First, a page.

Clause 5: Commencement and transitional provisions, etc.

Clause 5 provides that the provisions relating to the abolition of oral evidence from the traditional committal process, and direct committal will not apply to proceedings instituted before the Department has commenced the relevant provisions of the Bill. Paragraph 4 of Schedule 8 to the 2015 Act provides further definition as to when proceedings are instituted.

Clause 6: Short title

Financial Effects of the Bill

37.       The implementation of the provisions in the Bill require significant changes to the

existing processes within key criminal justice organisations including the PPS, PSNI, NICTS and NIPS.  A Committal Reform Programme has been established, with representatives from relevant criminal justice organisations, to deliver the necessary changes.

38. The main aim of direct committal is to transfer cases to the Crown Court more quickly than at present, and consequently shorten the overall length of time it takes to complete these cases. In effect, there will be a rebalancing of resources - less work will be done in the lower court tier (magistrates’ court) but more work will be done in the higher court tier (Crown Court). A business case is being prepared to capture the relevant costs for criminal justice organisations and these costs will be factored into prioritised plans for future budget periods.

39. Capital expenditure – relating to IT development – is largely complete and any remaining costs will be met from existing capital budgets.

Human Rights Issues

40.       All proposals are considered to be Convention compliant. 

Equality Impact Assessment

41.       The Department conducted an equality screening exercise on both key components of the Bill - abolishing oral evidence at committal, and the direct transfer of cases in certain circumstances to the Crown Court without the need for committal proceedings.    The Department recognizes that young males are disproportionately over represented in the criminal justice system, however these measures which aim to speed up the justice system and reduce the trauma experienced by witnesses as a whole are fair and equal to all section 75 groups.  The screening exercise also highlighted that for youth defendants delay can have a greater negative impact compared to adult defendants as lengthy criminal proceedings can have a detrimental effect on individuals at a key developmental stage.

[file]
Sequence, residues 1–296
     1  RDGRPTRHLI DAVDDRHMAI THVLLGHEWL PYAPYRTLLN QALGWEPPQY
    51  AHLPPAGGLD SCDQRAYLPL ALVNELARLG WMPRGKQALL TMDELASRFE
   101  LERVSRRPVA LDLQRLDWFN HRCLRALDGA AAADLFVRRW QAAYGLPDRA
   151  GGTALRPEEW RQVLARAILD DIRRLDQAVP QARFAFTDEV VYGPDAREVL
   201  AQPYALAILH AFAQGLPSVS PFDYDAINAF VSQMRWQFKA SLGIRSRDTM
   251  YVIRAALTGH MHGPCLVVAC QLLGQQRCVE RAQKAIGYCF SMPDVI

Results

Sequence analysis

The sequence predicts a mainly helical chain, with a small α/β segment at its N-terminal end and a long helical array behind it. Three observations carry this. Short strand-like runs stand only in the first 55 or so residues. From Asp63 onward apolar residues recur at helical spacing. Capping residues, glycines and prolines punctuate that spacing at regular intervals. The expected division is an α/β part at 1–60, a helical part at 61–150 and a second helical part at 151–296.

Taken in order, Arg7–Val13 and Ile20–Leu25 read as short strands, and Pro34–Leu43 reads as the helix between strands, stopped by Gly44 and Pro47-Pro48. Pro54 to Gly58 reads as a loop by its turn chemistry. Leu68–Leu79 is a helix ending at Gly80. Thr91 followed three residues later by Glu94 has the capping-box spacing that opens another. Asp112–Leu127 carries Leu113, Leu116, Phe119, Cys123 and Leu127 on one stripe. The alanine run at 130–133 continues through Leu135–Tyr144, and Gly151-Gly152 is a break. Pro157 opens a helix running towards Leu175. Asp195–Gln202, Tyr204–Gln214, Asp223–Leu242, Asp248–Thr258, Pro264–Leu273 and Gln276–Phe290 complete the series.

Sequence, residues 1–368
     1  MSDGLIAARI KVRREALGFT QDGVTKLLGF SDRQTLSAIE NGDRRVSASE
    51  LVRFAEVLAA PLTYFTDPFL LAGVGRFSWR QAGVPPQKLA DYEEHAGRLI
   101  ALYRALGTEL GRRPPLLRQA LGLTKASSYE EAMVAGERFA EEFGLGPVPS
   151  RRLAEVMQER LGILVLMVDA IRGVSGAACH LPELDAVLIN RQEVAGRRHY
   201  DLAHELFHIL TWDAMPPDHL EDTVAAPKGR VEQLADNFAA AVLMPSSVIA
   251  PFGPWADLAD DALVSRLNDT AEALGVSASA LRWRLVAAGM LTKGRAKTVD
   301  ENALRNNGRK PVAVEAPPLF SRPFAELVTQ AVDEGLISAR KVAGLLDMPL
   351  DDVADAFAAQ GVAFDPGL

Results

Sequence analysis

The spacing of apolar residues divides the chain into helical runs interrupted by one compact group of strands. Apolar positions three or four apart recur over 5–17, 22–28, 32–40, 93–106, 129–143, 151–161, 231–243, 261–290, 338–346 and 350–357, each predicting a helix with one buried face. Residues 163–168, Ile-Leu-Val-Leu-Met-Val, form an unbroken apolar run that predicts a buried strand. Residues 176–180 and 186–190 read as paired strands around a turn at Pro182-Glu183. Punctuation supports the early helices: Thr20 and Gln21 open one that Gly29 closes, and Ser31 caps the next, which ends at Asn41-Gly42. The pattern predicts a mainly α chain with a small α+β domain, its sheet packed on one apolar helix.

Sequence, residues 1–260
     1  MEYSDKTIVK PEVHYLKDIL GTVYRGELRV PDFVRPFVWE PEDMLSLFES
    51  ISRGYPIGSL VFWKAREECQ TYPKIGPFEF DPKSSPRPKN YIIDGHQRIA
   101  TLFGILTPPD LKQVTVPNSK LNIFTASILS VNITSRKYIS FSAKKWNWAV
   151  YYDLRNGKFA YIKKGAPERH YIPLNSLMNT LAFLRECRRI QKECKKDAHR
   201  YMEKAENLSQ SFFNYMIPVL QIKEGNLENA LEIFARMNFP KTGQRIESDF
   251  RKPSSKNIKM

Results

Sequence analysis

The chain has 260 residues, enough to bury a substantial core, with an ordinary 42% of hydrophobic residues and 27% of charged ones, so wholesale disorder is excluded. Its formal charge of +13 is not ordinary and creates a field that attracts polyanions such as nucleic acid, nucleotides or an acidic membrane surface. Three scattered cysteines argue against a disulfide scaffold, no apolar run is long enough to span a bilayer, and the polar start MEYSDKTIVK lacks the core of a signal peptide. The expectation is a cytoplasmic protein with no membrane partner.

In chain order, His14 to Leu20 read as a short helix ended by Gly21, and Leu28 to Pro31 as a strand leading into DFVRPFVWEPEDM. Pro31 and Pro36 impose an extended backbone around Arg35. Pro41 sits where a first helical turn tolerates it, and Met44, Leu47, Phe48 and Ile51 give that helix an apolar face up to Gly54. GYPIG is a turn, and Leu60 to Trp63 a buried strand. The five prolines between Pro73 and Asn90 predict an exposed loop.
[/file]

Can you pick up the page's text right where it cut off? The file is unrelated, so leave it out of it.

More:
SUMMARY OF THE REGULATORY IMPACT ASSESSMENT

42.       The Department has not conducted a Regulatory Impact Assessment as the Bill is not anticipated to have any impact on business, charities or the voluntary sector.

DATA PROTECTION IMPACT ASSESSMENT/DATA PROTECTION BY DESIGN

43.       A Data Protection Impact Screening Exercise has been carried out.  Whilst the changes deliver fundamental reforms to the operation of the criminal justice system in respect of cases to be prosecuted in the Crown Court, it is not anticipated there will be significant change to the volume of data collected and processed to investigate and prosecute Crown

Court cases.  The screening exercise highlighted that abolishing the use of oral evidence as part of the traditional committal process may have a positive impact by reducing the information gathered from victims and witnesses who will no longer be called upon to provide oral evidence as part of committal proceedings.  All data will be processed in line with the robust procedures and protocols already in place for investigating and prosecuting criminal cases.  

RURAL NEEDS IMPACT ASSESSMENT

44.       A Rural Needs Impact Assessment has been carried out. In general, it is anticipated that the provisions will have a positive impact.  In serious cases where an accused has been charged by PSNI in connection to a crime, there is often a correlation between the time taken to progress a case, and the number of occasions the case appears in court.  Whilst it may not be a requirement that victims and witnesses attend court on every occasion that a case is listed, some may wish to monitor progress of the case in person.  This has a greater impact on those living further from the relevant courthouse.  Similarly, abolishing oral evidence as part of the committal process will mean that there is no requirement for victims and witnesses to attend the committal hearing, for those cases which do not immediately fall within the direct transfer arrangements.

45.       In relation to defendants, the changes will have negligible change on those defendants remanded in custody.  As resolving cases more quickly should lead to fewer hearings in courts, it is anticipated the changes will have a positive impact on those defendants not remanded into custody, as it is anticipated there should be fewer journeys to court.

Legislative Competence

46.       The Justice Minister, Naomi Long MLA, has made the following statement under section 9 of the Northern Ireland Act 1998:

“In my view the Criminal Justice (Committal Reform) Bill would be within the legislative competence of the Northern Ireland Assembly.”

SECRETARY OF STATE CONSENT

47.       The Secretary of State has consented under section 8 of the Northern Ireland Act 1998 to the Assembly considering this Bill.